Tools you’ll need
Basic hand tools, wrenches, screwdrivers, compressed air (nice to have, but optional), ratchet and sockets plus a metal parts cleaning pan are needed. Caution: have proper ventilation, wear eye protection and use chemical resistant gloves when using compressed air or any cleaning chemical.
Due to the fact most carburetors have a gum and varnish buildup on the interior and exterior, spray cans of carburetor and/or choke cleaner work well for cleaning the parts (most carburetors require two 16-ounce cans). I’ve found that brake cleaner in aerosol cans not only cleans well, it evaporates quickly.
Need parts? Rebuild kit, choke spring, floats, etc.? Throughout this magazine you’ll find vendors offering parts for your project. Tip: have those parts ordered in the early stages of disassembly.
Start by removing all upper bowl cover screws and attaching linkage. Be sure to record or document their locations for reinstallation. Remove the float and test. After the float has been tested, locate the carb ID numbers and order parts; they can be either on a tag attached to the unit, stamped on the bowl cover, or stamped in the base (where the throttle shaft is located). If all else fails (no tag, no numbers visible, etc.), when ordering the repair parts, have available the year, make, model and engine size of the vehicle.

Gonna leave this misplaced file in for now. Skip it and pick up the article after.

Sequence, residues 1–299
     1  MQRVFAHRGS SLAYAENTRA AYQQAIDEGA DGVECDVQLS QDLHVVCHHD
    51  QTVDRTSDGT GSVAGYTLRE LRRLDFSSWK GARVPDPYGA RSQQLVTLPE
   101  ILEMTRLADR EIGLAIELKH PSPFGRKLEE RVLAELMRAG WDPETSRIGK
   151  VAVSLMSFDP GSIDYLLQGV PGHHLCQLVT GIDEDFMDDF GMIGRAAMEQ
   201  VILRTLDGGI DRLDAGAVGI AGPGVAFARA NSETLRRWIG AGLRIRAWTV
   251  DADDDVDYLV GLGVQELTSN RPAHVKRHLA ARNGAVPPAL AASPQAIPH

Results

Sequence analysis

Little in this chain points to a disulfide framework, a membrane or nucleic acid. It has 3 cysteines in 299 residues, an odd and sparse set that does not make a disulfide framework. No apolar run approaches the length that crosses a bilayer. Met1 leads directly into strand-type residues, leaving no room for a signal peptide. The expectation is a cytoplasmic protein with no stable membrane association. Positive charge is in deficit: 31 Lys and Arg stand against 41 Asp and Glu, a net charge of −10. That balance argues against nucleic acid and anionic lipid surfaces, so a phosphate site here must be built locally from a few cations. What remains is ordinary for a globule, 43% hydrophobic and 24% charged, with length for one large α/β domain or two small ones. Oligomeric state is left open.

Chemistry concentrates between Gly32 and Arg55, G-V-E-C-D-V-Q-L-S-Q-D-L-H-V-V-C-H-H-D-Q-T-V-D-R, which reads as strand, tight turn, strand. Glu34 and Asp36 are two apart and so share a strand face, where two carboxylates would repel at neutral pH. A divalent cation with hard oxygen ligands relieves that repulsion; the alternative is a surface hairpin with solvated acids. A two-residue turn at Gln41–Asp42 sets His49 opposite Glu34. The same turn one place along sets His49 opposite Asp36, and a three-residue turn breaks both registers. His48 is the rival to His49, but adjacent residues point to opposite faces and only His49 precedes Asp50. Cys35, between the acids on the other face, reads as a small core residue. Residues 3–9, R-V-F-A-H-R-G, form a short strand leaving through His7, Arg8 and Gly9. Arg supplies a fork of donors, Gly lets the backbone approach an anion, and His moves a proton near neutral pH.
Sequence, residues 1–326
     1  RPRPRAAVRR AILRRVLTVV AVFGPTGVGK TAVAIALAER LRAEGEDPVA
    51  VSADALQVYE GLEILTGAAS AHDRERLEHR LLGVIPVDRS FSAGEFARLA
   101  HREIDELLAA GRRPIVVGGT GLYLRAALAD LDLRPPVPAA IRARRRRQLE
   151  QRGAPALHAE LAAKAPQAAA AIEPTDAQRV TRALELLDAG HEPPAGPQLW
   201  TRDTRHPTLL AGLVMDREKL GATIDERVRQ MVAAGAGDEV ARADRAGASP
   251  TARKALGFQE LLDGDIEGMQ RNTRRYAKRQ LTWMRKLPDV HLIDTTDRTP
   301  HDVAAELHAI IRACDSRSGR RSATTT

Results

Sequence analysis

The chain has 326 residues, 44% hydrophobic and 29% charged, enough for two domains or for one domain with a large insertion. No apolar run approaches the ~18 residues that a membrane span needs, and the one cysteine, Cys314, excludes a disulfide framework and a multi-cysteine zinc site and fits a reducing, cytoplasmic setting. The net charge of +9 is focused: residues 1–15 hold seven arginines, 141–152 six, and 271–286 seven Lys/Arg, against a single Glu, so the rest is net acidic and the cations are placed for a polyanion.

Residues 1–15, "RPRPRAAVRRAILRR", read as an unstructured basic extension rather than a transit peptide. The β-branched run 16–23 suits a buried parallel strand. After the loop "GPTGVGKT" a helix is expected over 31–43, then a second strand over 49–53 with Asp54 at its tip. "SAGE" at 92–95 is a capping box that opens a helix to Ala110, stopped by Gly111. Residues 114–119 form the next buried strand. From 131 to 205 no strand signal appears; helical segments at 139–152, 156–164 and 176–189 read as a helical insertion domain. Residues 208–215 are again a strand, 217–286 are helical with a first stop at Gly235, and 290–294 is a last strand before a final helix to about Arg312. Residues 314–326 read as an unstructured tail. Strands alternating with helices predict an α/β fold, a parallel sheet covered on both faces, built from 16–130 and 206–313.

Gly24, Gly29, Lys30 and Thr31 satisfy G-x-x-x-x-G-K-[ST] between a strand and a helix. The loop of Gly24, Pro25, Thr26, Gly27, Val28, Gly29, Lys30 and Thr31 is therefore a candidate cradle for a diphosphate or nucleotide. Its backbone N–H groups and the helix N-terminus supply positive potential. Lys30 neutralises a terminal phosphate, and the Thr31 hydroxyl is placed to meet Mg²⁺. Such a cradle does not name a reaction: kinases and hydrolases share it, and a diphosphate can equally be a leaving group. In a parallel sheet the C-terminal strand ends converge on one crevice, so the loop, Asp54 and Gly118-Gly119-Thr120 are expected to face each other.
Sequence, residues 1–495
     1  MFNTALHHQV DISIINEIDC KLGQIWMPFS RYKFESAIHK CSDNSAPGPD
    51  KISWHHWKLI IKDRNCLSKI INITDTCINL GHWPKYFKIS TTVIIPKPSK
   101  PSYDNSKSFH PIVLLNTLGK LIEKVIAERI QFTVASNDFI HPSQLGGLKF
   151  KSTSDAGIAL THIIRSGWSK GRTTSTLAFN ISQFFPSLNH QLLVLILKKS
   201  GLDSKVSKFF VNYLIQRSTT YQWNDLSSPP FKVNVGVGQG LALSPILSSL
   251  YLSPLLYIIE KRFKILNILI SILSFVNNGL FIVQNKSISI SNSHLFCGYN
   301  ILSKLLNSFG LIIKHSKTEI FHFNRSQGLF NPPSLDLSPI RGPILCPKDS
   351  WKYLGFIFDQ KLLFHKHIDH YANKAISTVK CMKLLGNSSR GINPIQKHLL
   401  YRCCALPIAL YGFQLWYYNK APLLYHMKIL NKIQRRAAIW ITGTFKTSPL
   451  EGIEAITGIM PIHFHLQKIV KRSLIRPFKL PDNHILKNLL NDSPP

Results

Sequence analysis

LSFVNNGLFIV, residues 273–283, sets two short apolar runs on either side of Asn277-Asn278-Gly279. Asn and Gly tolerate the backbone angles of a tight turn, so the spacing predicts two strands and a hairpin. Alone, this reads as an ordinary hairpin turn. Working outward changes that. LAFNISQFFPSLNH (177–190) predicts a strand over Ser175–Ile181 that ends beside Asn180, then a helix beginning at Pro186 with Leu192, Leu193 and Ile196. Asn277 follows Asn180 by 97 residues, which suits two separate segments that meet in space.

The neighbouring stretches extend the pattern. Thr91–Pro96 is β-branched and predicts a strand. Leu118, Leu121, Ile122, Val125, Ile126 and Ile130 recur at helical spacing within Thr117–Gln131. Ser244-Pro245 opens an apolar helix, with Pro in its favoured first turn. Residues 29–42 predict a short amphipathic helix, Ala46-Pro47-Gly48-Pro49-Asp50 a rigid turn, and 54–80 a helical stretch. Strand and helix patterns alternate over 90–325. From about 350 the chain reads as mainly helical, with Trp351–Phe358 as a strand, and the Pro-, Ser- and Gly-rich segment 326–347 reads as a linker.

If the float checks out OK, or you have a replacement, continue with the teardown by removing the lower base-to-bowl screws (if equipped) and record their locations. Remove any rubber parts from the carburetor. With everything disassembled from the carburetor and neatly laid out on the workbench, you’re ready for clean up.
Place each separate component of the carburetor in the metal drain pan and using proper eye protection, spray with carb cleaner until gum, varnish, and dirt are removed. Again, using proper eye protection and compressed air, blow out any and all orifices.
When a carb main jet is impossible to remove or in the absence of compressed air, I use the supplied nozzle extension that comes with the aerosol can of carburetor cleaner to remove gum, varnish, and debris. Caution: proper eye and skin protection is mandatory due to the fact this chemical (under pressure) can blow back into your eyes and/or onto exposed skin! I have also used a small piece of stiff wire to verify clean passages.